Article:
JE: Basics

Joint Job Evaluation was bargained in the mid 1990s. Prior to that, all jobs were created and rated by Human Resources exclusively — the Union had no input — and it was extremely difficult to compare the work done in different departments within the local. Implementing JE allowed Union members to have input and it ensured equal pay for equal work. Positions were first assessed under the current system in 1996-97.

Article 27 of the Collective Agreement outlines the details of Joint Job Evaluation. Appendices in the Collective Agreement outline the JE point spreads of each payband that correspond to the salary grid and the basic job titles used when creating new positions.

When positions are rated, the HR members of the committee read over the overall job duties and job description and then look at each subfactor, considering where the duties fit in relation to work done in other positions. While you may be the only person who does your job, the type of work you do — its complexity, the level of understanding required, and the responsibilities you hold — can be compared.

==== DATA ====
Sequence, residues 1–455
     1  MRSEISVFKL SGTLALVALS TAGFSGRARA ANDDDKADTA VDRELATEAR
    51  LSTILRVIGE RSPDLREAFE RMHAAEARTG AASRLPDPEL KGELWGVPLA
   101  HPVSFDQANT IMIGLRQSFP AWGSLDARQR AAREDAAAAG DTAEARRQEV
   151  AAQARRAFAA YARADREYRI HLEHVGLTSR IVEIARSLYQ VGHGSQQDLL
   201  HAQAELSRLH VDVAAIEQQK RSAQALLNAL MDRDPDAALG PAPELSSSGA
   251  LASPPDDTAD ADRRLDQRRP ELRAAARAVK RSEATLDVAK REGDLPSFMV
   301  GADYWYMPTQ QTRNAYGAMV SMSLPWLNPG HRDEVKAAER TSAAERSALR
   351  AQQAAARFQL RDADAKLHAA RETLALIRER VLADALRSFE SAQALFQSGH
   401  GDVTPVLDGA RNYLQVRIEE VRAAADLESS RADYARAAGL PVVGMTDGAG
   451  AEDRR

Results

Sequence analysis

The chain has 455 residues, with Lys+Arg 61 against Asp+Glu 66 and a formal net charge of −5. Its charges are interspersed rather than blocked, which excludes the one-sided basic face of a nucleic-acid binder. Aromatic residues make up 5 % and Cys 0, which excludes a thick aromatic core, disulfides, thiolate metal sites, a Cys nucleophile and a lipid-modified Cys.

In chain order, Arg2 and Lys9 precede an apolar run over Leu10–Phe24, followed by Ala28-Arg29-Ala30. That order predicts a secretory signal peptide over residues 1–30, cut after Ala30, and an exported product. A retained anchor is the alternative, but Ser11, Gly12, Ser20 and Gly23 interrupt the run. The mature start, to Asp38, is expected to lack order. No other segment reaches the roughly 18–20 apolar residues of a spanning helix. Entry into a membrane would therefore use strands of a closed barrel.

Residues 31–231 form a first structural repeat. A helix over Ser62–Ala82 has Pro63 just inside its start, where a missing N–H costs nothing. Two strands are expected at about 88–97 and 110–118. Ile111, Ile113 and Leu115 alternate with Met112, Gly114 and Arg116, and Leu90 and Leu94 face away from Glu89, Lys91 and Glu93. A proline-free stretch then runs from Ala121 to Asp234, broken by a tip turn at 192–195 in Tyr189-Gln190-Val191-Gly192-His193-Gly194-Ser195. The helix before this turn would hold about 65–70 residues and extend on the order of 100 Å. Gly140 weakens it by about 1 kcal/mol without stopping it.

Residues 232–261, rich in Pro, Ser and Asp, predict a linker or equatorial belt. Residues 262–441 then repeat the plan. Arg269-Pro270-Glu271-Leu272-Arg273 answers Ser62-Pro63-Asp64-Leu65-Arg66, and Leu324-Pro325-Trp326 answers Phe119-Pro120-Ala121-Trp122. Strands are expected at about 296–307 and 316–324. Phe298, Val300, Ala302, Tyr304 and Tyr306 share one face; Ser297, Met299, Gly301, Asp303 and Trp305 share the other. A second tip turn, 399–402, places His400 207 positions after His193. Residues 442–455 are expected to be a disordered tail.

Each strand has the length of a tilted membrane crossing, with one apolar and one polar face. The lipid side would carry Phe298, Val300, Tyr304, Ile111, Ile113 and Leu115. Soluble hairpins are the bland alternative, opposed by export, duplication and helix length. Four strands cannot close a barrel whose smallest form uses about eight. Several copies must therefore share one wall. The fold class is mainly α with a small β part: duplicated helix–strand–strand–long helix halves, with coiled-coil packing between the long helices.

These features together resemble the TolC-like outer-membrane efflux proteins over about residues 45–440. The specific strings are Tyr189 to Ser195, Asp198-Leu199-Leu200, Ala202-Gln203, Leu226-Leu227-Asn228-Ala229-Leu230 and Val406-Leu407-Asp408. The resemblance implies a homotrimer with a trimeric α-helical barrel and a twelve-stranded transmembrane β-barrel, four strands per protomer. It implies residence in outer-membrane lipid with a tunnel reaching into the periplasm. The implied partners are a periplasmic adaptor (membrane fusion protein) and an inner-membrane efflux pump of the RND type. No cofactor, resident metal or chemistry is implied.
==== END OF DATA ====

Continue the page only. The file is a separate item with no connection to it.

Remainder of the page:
Most importantly, the committee looks only at the position requirements, not the unique skills and abilities that you as an individual may add to the job. We refer to “the incumbent” i.e. the person currently holding the job, because it is never a personal judgement. The JE plan cannot measure how far above and beyond you go in carrying out your duties — nor could it penalize anyone who was not meeting those requirements. JE looks at the position as if the University needed to hire a new person to fill it; this is why it asks questions such as whether or not specific licenses or training is required.

JE can be a timely process — both in completing the JEQ and the timeline that follows — but you owe it to yourself and to all those working around you to stay current in JE and to file a new request whenever duties or responsibilities change.

There is never a guarantee that your reevaluation will result in a reclassification into a higher (or lower) payband. However, about 80% of those who go through the process will see a raise. In very rare cases, a lower payband is assessed but there is protection for existing pay in the Collective Agreement for as long as the incumbent remains in that position. You have nothing to lose (aside from some time) and potential to gain.

If you need assistance, please contact a steward or the JE co-chair and we will find someone who can walk through the process with you or answer your questions.

Next: JE: How to Get Started